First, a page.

Source: Bureau of Labor Statistics

How can I advance my career in Liberal Arts?

Advanced liberal arts degree holders are typically employed as postsecondary teachers in colleges and universities, or as managers in the fields of marketing, arts, design, entertainment, and media. In 2018, however, a survey by the American Academy of Arts and Sciences (AMACAD) found that liberal arts graduates with advanced degrees are becoming evenly distributed across all industries. In general, liberal arts majors advance in their careers by acquiring practical experience, technical knowledge, and leadership skills.

Master of Arts in liberal arts is typically organized into five semesters that tackle politics and society, literature, mathematics, and natural science, history, and philosophy, and theology. There are options for affordable online master’s degree programs as well. Admission to the program requires a bachelor’s degree but no particular major is required. Aside from the transcript, the applicant also needs to submit an essay and letters of recommendation.

The Doctor of Philosophy (Ph.D.) program in liberal arts combines doctoral-level studies in multiple disciplines and may be designed based on a student’s unique interests. Applicants are required to submit a curriculum plan and final dissertation proposal prior to admission. While it seems flexible, admission to the Ph.D. in liberal arts program tends to be competitive, at least in the field of education.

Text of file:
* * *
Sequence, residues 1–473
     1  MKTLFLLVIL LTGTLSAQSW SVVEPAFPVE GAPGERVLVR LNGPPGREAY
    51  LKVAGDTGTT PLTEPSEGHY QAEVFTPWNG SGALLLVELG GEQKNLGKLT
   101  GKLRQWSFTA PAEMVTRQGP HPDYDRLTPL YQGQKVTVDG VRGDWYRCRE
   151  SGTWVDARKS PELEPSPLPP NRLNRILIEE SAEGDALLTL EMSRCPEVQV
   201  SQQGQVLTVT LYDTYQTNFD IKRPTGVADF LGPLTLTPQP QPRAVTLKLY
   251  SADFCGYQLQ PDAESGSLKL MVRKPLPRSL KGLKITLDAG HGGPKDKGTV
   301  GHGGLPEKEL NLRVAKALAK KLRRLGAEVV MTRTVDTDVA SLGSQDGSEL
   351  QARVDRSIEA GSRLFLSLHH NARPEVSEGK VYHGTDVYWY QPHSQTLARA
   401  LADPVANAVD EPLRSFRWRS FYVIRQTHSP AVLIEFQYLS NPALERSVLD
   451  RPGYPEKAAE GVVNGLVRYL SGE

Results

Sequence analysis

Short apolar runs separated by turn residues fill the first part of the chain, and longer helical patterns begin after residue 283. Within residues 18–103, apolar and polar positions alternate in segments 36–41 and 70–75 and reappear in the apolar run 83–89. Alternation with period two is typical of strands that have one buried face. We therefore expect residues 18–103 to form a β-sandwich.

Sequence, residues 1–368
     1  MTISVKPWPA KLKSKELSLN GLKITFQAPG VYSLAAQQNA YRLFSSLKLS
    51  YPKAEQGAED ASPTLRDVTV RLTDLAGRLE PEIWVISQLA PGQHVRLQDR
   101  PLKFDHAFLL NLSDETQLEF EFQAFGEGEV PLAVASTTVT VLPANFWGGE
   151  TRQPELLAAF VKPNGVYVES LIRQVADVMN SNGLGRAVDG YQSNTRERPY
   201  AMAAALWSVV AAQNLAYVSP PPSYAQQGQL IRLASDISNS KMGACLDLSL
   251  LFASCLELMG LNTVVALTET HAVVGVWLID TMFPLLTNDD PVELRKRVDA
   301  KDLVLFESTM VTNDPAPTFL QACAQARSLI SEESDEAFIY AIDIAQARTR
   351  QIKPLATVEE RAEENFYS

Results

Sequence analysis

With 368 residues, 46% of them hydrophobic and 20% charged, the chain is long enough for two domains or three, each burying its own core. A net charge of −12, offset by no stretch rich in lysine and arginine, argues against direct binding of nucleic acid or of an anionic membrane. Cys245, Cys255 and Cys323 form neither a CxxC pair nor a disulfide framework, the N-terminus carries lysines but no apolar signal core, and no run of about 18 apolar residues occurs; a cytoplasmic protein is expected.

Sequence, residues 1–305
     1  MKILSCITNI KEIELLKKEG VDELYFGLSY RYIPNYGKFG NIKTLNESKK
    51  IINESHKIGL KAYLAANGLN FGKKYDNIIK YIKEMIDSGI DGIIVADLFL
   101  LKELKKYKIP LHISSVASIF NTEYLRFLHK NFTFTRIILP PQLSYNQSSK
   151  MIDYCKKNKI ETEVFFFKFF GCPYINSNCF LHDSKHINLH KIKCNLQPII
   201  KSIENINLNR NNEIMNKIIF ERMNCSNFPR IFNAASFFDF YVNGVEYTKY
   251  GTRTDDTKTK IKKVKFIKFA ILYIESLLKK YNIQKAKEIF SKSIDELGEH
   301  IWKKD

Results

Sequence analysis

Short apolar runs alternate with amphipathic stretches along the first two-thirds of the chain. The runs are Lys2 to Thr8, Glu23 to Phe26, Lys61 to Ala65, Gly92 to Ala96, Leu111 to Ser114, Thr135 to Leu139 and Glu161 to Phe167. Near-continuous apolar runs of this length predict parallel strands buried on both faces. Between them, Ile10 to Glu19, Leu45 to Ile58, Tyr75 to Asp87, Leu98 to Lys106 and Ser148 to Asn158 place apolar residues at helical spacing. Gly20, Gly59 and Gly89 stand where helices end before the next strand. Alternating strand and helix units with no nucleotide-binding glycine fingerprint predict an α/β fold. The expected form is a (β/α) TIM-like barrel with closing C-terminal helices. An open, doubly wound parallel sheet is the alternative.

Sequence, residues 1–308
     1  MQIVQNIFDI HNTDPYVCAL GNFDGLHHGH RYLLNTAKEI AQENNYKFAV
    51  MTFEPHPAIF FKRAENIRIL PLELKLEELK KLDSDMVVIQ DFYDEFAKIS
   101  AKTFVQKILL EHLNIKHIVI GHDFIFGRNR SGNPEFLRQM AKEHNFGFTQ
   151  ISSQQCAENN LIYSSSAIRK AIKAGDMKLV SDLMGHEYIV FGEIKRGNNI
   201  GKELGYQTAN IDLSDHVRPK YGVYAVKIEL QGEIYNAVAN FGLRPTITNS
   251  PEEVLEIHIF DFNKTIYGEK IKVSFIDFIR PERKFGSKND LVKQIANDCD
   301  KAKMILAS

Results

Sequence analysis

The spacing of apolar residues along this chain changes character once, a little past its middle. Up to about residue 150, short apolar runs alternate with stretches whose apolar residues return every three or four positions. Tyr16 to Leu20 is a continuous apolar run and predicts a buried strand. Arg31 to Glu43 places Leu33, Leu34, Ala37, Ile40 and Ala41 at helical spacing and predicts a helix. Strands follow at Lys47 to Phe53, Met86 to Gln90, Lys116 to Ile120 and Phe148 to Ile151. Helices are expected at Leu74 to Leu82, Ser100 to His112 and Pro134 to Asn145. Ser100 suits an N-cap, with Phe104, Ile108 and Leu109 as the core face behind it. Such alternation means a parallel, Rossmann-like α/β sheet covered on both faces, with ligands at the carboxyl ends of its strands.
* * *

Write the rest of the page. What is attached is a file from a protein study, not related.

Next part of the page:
What can I do with a Master’s in Liberal Arts?

Fundraising Manager

Fundraising Managers are experts in building relationships with major donors and companies. They identify fundraising opportunities and matching recipients. fundraising managers also harness the power of social media in creating campaigns that move individuals and groups into action.

Median Salary: $118,430

Marketing Manager

A marketing manager knows how to design the optimal mix of product, pricing, place, and promotion, and is very knowledgeable of the strategies of all market players. A marketing manager collaborates with sales, product development, and public relations to stay on top of minds of consumers. If you want to focus on marketing alone, you can start over by getting a marketing degree or take a master’s degree that concentrates on marketing.

$142,170

Postsecondary Teacher

Professors or postsecondary teachers work at colleges and universities and specialize in a variety of subjects and fields. Postsecondary professors primarily teach but are also involved in the conduct of research and experiments.

$80,790

What kind of job can I get with a Doctorate in Liberal Arts?

Psychologist

Psychologists aim to improve processes and behaviors by studying the cognitive, emotional, and social processes. They observe, interpret and record how people interact with their environment.